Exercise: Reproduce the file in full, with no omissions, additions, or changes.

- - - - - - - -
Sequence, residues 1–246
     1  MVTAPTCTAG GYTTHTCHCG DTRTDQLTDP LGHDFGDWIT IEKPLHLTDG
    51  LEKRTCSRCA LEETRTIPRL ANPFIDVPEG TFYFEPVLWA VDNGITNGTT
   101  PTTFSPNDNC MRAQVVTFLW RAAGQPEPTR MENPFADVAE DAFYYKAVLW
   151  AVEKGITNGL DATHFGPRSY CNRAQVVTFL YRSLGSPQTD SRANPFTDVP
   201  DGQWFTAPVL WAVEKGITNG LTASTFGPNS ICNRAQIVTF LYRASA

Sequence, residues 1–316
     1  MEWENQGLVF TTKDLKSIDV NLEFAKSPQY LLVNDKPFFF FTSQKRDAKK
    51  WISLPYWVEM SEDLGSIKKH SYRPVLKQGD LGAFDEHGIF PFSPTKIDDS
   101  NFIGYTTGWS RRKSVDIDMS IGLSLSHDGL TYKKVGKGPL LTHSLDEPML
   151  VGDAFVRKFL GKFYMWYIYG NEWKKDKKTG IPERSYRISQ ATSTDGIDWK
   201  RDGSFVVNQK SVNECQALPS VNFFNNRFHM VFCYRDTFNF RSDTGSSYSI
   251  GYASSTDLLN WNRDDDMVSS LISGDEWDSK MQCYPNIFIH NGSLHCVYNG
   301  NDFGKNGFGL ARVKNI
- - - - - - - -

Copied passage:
Sequence, residues 1–246
     1  MVTAPTCTAG GYTTHTCHCG DTRTDQLTDP LGHDFGDWIT IEKPLHLTDG
    51  LEKRTCSRCA LEETRTIPRL ANPFIDVPEG TFYFEPVLWA VDNGITNGTT
   101  PTTFSPNDNC MRAQVVTFLW RAAGQPEPTR MENPFADVAE DAFYYKAVLW
   151  AVEKGITNGL DATHFGPRSY CNRAQVVTFL YRSLGSPQTD SRANPFTDVP
   201  DGQWFTAPVL WAVEKGITNG LTASTFGPNS ICNRAQIVTF LYRASA

Sequence, residues 1–316
     1  MEWENQGLVF TTKDLKSIDV NLEFAKSPQY LLVNDKPFFF FTSQKRDAKK
    51  WISLPYWVEM SEDLGSIKKH SYRPVLKQGD LGAFDEHGIF PFSPTKIDDS
   101  NFIGYTTGWS RRKSVDIDMS IGLSLSHDGL TYKKVGKGPL LTHSLDEPML
   151  VGDAFVRKFL GKFYMWYIYG NEWKKDKKTG IPERSYRISQ ATSTDGIDWK
   201  RDGSFVVNQK SVNECQALPS VNFFNNRFHM VFCYRDTFNF RSDTGSSYSI
   251  GYASSTDLLN WNRDDDMVSS LISGDEWDSK MQCYPNIFIH NGSLHCVYNG
   301  NDFGKNGFGL ARVKNI